June is Immigrant Heritage Month and the month that holds World Refugee Day. From the moment they land in the United States, many immigrant parents and children reverse roles. Saymoukda Duangphouxay Vongsay’s parents did the impossible. They made sacrifices and uprooted their lives so they could cement themselves as American citizens for the future of their families. In Saymoukda Duangphouxay Vongsay’s poem “Letter To My Unborn Self”, translating for her parents has its hardships and surprises. However, as a reader you feel like translating is a way for the writer to honor their sacrifices.
“When you’re older, you’ll understand.” It is a phrase we have all heard. As we grow older, situations from our youth begin to make sense. However, despite all the knowledge, life experience, and “adultness” you have acquired over the years, there are still those matters you may never understand like tipping, car mechanics and how many exemptions you should claim on your taxes? Read “Advice From Elders” by Maikao Xiong and you will come up with your own list of:
I still don’t understand.
There’s a Poem in This Place: Minnesota Street Market To Host an Intercultural Literary Performance on Thursday, June 23, 2022.
This event offers an opportunity for local authors to take center stage in a lit fest setting — and for people from the local area to connect with some great local authors they may never have heard of. The program features short readings and dialogue — with authors of different backgrounds to create a varied, rich experience for our community. It also will have live translation in Somali.
Read “Body Clues” by Priscilla Mayowa and you will see it is not simple for everyone to embrace their bodies. Especially when your body causes you pain, keeps you from socializing, and makes you feel different from the rest of society, appreciating your body becomes even more difficult. Take a moment to acknowledge that you’re doing the best you can and that you are perfectly OK right now. Pay attention to what your body is telling you, and don’t beat yourself up if you need to take it easy. Exercise self-love and care by listening to your body.
Nature’s beauty can be seen in a harvest and in this poem, Poblano Harvest by Níce G. Flores.
You can feel the heat and the hard work this farmer endures in the field. Next time you are at the grocery store, picking out produce, remember the hard work it took to get that poblano in your grocery cart.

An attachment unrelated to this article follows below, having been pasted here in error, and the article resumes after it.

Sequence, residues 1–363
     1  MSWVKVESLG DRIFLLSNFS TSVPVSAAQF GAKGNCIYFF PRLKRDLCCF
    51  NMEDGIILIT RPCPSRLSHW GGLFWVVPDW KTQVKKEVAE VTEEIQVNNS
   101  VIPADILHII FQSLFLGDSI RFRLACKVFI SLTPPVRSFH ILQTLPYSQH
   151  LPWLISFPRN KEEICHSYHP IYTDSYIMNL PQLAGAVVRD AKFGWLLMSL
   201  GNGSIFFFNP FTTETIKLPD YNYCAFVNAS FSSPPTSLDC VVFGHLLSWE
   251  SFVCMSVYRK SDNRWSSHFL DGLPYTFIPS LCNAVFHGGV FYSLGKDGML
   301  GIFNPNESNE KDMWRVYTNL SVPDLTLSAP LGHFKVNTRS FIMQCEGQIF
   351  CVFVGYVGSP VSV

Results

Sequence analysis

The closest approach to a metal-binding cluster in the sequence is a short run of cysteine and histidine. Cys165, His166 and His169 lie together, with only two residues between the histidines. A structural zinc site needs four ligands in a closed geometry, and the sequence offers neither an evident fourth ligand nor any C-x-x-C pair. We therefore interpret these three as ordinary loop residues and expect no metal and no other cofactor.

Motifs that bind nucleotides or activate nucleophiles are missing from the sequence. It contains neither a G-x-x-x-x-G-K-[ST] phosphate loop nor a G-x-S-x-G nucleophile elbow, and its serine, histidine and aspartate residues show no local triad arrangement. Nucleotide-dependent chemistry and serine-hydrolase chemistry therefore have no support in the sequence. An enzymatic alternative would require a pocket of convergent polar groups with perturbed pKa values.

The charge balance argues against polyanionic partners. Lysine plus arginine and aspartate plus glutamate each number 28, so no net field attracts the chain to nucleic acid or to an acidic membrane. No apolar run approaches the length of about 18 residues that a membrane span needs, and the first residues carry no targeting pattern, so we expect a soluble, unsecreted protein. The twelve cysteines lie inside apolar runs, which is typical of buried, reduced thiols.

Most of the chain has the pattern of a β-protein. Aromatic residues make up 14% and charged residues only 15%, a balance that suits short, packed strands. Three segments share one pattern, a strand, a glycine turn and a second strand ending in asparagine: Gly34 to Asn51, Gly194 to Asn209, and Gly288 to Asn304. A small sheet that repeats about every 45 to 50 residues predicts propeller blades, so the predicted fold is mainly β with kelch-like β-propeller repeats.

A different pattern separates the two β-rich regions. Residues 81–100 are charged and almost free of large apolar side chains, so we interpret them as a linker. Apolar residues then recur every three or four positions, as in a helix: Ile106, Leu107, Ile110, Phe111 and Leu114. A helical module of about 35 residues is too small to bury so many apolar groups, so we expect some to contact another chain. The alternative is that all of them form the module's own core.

Life happens and we move along or we move along and life happens. Half the happiness is being ok with what you do get. “In Conveyor Belt” by Sabrina Lor, you will never be ready for what the ride will bring to you.
Strangers are walking fiction. Our brains, on the other hand, force us to actively imagine who we see walking towards us, even if what our thoughts make up are dangerously untrue. We care about appearance; we are quietly vain, but we are also private investigators, trying to figure out what each stranger passing us by could hint at. Remember, every stranger is someone and more importantly every stranger is someone’s partner, caregiver, offspring or sibling.
Crickets have been known to be a symbol of prosperity. This five lined poem gives the reader all the hopes and feels of good luck and happiness. I don’t know about you, but when I read it I could feel the warm wind on the back of my neck. Follow the link, take a read and let this cricket connect you to being a believer in your instincts and spiritual guidance.
The second longest day of the year by Jean Prokott: a collection for people who don’t love poetry, and especially for those who do
Jean Prokott’s collection, the second longest day of the year, the winner of the Howling Bird Press Poetry Prize, carries the impact of Ann Sexton’s poems.
On days when life seems pointless and you’re just going through the motions, there’s always that empty pit someplace inside your spirit that never seems to fill. Zakiah Goff addresses this gut wrenching feeling in “I Don’t Know It Yet, But This Is Living”. We all have felt this at some point, or many points, in life: is life ever going to get better?